Right from birth, your baby has a very defined sense of hearing. In fact, a newborn’s hearing is almost exactly the same as an adult’s.
However, while they may be able to hear perfectly, babies don’t yet understand what the noises are, or where they come from. This can understandably be really frightening for your little one, leading them to become extremely upset whenever they encounter a loud noise.
So, how should you handle your baby’s fear of loud noises and is it something you need to be worried about?
Understanding Baby’s Fear Of Loud Noises
It’s said that babies have two main fears – loud noises and the fear of falling. This is likely down to the fact they have very immature nervous systems; making it difficult for them to interpret various sensory inputs. So, when they hear a sudden, loud noise, they’re likely to react in shock and either cry or fling their arms and legs out, before clenching their tiny fists.
Physical responses such as crying, are the only thing a baby can do to express their fear or shock. It’s also worth pointing out that a noise may not even seem loud to you, but for baby’s sensitive ears it could definitely sound louder than it is.
This initial fear of loud noises will usually start to fade as your little one becomes more aware of what the noises are. However, at around one year of age, it’s possible the fear could return. This is because at this age, babies start to want more independence, as well as to control their environment. So, if there’s sudden noises they cannot control, such as thunder, it could cause a lot of upset.
Are All Babies Afraid Of Loud Noises?
The majority of babies go through a phase of being afraid of loud noises. However, some are more sensitive to sounds than others. Just like adults, each baby is different, and some may be totally chilled out when it comes to hearing new sounds. They may be more mesmerized than afraid.
Babies who do go through a phase of being afraid of loud noises, usually tend to get better with them after around two months. They may still become startled if a loud noise occurs, but the fear response won’t generally be as severe as it once was.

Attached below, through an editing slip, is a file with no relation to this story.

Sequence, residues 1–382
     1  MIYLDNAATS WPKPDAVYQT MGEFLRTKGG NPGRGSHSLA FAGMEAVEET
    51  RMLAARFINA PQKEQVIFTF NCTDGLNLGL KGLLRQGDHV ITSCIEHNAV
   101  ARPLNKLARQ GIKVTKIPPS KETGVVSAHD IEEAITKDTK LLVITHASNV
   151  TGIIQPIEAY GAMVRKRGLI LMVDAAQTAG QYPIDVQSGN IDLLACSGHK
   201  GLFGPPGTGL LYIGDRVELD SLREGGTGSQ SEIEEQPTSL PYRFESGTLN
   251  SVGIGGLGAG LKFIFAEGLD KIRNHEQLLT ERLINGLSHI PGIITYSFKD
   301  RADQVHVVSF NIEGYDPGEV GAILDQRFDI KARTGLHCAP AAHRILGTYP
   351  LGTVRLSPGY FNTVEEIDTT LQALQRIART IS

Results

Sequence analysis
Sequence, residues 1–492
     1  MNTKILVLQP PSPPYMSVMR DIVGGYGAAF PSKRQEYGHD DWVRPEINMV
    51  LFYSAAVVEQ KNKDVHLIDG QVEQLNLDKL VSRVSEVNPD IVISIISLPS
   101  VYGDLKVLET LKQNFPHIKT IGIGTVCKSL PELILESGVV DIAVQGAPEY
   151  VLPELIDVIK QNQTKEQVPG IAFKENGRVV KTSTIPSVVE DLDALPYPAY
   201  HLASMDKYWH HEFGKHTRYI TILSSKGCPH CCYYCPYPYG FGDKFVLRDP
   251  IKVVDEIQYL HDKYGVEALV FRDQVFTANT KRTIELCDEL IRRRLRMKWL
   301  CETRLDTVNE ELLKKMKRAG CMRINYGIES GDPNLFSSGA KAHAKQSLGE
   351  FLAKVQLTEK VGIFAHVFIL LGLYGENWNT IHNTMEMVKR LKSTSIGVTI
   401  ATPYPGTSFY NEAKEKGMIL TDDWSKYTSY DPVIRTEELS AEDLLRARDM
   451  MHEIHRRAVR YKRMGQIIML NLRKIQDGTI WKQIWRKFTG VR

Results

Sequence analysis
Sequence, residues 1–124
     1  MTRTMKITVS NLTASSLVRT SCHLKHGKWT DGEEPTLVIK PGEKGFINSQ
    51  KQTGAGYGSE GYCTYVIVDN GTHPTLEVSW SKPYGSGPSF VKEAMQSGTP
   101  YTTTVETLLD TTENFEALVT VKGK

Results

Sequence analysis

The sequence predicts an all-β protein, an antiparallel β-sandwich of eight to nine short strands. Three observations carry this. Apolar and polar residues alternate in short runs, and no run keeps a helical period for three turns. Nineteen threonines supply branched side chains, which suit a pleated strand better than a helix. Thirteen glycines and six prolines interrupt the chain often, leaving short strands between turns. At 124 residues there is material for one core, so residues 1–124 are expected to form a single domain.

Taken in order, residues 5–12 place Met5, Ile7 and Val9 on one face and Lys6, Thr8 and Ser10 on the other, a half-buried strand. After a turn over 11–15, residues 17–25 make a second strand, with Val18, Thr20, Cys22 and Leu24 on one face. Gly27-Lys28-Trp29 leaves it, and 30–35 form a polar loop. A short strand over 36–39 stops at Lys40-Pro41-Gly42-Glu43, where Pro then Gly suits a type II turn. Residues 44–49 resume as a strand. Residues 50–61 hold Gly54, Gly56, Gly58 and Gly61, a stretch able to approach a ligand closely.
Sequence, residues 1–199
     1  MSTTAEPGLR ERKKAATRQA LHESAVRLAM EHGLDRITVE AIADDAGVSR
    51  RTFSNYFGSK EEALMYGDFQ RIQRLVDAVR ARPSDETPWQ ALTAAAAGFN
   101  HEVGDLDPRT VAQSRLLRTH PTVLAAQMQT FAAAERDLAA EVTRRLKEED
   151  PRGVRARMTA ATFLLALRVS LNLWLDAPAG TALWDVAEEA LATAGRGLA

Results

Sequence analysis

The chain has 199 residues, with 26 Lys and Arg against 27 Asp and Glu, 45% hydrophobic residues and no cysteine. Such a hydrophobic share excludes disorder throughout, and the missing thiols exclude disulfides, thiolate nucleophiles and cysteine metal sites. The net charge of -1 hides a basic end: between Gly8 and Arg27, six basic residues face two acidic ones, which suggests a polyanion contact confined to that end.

What Types Of Noises Are Babies Afraid Of?
When you think of loud noises, you typically imagine fireworks, an explosion or something being dropped onto the floor. While these noises would definitely startle baby, it’s actually more common household noises which can cause the problem.
Some babies don’t really get too scared by any noises, while others may be afraid of even the slightest noises. The vacuum, washing machine, a dog barking, a hairdryer, juicer or even the television can all frighten your little one if they’re especially sensitive to loud noises.
So, if your baby is scared of everyday noises, don’t worry it’s still a normal part of their development.
Will They Always Be Scared Of Loud Noises?
Most babies get over their fear of loud noises once they get a little older. When they can start to understand where noises are coming from and what they actually are, their fears will automatically go away.
However, there is a possibility the fear will stay with them throughout their childhood and potentially adulthood too. This is actually a condition known medically as Ligyrophobia. It’s also sometimes referred to as Phonophobia and is basically a fear of loud noises. If a child is scared of noises for more than six months, it’s worth taking them to see a medical professional to determine whether they could be experiencing an actual phobia.
Is There Anything I Can Do To Help Ease Baby’s Fear Of Loud Noises?
There isn’t an awful lot you can do to help ease baby’s fears of loud noises. If they’re especially sensitive, it may seem like a good idea to minimize the noises they’re exposed to. However, doing this could actually make the problem worse.
If baby isn’t introduced to new sounds and they’re shielded from loud noises, when they do inevitably experience a loud noise, they’re going to find it even more startling. So, instead of trying to eliminate loud noises completely, it’s a better idea to gradually increase the amount of background noise there is within the home.
Listen to the radio on a low volume and gradually start to turn it up after a few weeks. Don’t be afraid to use loud appliances such as the vacuum, but start by using them in a room away from your newborn. That way, they’ll still be able to hear the noise, but it won’t be too loud that it startles them. You can start vacuuming nearer to baby gradually, to build up their noise tolerance.
If your little one gets upset after hearing a loud noise, simply pick them up and talk to them soothingly. Explain what the noise was. They may not fully understand you, but saying something like “Well, that was a loud noise wasn’t it” and then tell them what it was. Remember, for very young babies, skin-on-skin contact can be especially soothing, so hold them close and just reassure them that it’s okay.
When baby is a little older, you could also try turning loud noises into a more positive experience. For example, playing a game and making loud noises such as banging on a toy drum, or saying something like “bang, bang” loudly and excitedly, can help to turn loud noises into a fun, positive thing. Of course, this won’t work for all babies, but it could definitely be worth a try.
Overall, it is totally normal for babies to be afraid of loud noises. It doesn’t necessarily mean anything is wrong or the fear will stick with them. However, if you do notice the fear lasts longer than six months, it is worth mentioning it to your pediatrician or doctor. They’ll be able to tell you whether the fear is a normal part of baby’s development, or whether there may be something else contributing to it.